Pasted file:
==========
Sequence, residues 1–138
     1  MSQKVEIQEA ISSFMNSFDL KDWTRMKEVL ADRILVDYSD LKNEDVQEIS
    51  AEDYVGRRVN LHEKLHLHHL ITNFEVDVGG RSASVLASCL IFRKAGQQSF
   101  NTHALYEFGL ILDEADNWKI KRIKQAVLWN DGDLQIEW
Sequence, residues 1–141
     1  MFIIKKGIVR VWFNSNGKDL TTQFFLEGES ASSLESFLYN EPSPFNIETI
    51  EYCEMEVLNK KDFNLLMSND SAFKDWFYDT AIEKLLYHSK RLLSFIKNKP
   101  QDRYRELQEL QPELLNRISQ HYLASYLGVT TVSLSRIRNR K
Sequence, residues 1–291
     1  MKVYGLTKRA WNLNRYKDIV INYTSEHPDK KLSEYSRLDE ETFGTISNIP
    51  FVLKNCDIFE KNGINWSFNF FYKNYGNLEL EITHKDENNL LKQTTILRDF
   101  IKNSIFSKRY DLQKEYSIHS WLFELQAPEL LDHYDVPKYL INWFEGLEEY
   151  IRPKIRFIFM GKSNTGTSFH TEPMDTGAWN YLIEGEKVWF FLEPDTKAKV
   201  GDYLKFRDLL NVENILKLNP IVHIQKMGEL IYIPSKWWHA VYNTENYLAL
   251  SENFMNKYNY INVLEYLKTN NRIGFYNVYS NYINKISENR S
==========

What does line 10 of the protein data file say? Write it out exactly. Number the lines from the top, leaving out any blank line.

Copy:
     1  MKVYGLTKRA WNLNRYKDIV INYTSEHPDK KLSEYSRLDE ETFGTISNIP